The Manipuri horse is a rare Indian equine breed popular as a polo and military horse. Its striking features include its hardy stature, high endurance level, and versatile nature.
Manipuri Pony Pictures
|Versatile, hardy, has high endurance level
|Light head, straight profile; well-formed neck; pronounced withers; broad chest; sloping croup and shoulders; sturdy legs; well-proportioned hooves; muscular built and a well-set tail
|Mainly bay but can also be chestnut, gray and pinto
|Mostly as mounts for polo but is also used for military purposes, as a racing and riding horse
|11 to 13 hands
|Approximately 450 pounds
|No known breed-related problems
|Elegant appearance and hardworking nature
|Hay and grain
|Country of Origin
|Year of development
|Though mentioned as early as the sixteenth century its usage was prominent only in the 17th century
|Supposedly the Tibetan Pony or even the Mongolian Wild horse and Arabian horse
Manipuri Pony Video
There have been varied opinions and contradictions regarding the source of origin of the Manipuri horse. Some experts opine that the Tibetan Pony, imported to India, over 1000 years ago, is the ancestor of the Manipuri pony. Others believe it to be developed by crossing the Arabian and Mongolian Wild Horse. Being bred for more than hundred years in Manipur ( northeastern part of India), the Manipuri Pony was first mentioned in the Manipur Royal Chronicle, dated 1584. The next century witnessed its frequent reference in Manipuri literature.
Their usage as efficient cavalry horses proceeded throughout the 17th as well as the 18th century. In fact, the Meltei warriors rode on them in their quest to win battles and these horses also had a pivotal part in the Manipuri king Garib Newaz’s cavalry.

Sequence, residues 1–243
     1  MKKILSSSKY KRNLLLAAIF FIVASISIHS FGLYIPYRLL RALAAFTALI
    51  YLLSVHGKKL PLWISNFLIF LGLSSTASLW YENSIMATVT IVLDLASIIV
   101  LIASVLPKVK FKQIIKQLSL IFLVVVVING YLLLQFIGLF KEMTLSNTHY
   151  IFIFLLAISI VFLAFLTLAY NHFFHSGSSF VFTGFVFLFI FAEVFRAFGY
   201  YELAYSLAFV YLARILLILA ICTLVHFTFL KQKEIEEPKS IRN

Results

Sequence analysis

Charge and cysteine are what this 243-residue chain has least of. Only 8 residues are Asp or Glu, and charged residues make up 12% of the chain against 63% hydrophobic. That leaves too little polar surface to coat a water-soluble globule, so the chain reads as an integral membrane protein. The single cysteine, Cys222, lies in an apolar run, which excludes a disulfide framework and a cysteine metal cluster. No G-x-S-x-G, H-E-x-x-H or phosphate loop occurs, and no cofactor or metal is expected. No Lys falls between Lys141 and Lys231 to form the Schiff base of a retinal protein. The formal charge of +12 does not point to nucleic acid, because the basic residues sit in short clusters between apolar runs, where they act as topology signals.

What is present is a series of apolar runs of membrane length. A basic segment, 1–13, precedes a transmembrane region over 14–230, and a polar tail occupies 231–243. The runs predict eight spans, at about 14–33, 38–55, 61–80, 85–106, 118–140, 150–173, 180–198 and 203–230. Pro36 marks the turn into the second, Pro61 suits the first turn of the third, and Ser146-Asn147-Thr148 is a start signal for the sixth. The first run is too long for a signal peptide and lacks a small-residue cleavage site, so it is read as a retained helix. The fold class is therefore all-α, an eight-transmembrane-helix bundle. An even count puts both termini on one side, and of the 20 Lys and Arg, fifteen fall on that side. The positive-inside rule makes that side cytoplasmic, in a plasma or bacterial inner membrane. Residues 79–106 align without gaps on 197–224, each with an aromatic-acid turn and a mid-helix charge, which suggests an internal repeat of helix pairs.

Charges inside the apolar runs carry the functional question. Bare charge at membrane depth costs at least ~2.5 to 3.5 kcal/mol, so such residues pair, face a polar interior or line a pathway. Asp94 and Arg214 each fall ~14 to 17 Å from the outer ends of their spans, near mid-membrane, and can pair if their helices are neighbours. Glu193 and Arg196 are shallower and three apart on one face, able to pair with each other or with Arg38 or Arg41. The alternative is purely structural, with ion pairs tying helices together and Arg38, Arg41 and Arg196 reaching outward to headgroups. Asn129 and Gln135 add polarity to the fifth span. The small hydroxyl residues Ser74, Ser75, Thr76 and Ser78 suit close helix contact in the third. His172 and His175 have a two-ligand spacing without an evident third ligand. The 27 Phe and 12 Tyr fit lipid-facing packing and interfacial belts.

In the year 2007, a genetic study conducted for five Indian breeds, namely, Manipuri, Spiti, Marwari, Zanskari and Bhutia revealed that this breed had its genes related to all the breeds except the Marwari horse. In fact, it is also said to have distant relations with the Sumba, Batak and Burmese ponies. There has been several myths regarding this breed and it seems to be an integral part of rituals as well as spoken of in ballads.
As a polo horse
The Manipuri pony was immensely sought after by the British colonists from 1859 to 1916 as mounts to play a game of polo, which had been immensely popular in Manipur as early as the seventh century. In fact, they even infused Arabian blood during the 19th century for the purpose of improving the standards of their polo ponies. A large number of these Manipuri ponies were imported to the West as polo mounts, with the size of polo ponies being limited to 13 hands, later changed to 14 hands and finally omitted. In fact, they were imported in such huge numbers that the region experienced a dearth of them. In fact, for the purpose of maintaining their numbers, the export of these horses had been banned completely at one point of time. The Manipuri Horse Riding and Polo Association had been formed in 1977 in order to promote the betterment of this breed as well as the game.
Their population has gradually declined to 1000 to 2000 ponies on an average. The reason for this might be that these horses were smuggled to Burma in massive amounts where their demand seems to be high. For the purpose of promoting them as well as preventing this breed from becoming extinct the Manipuri Horse Riding and Polo Association formed a heritage park in the year 2005.
According to the livestock census conducted in the year 2012, their numbers were as low as 1100, and might soon be declared as endangered species.
- In the present time also they are used for a particular variety of polo named the “sagol kangjei” generally played with seven players in one side, where these ponies are used throughout the game.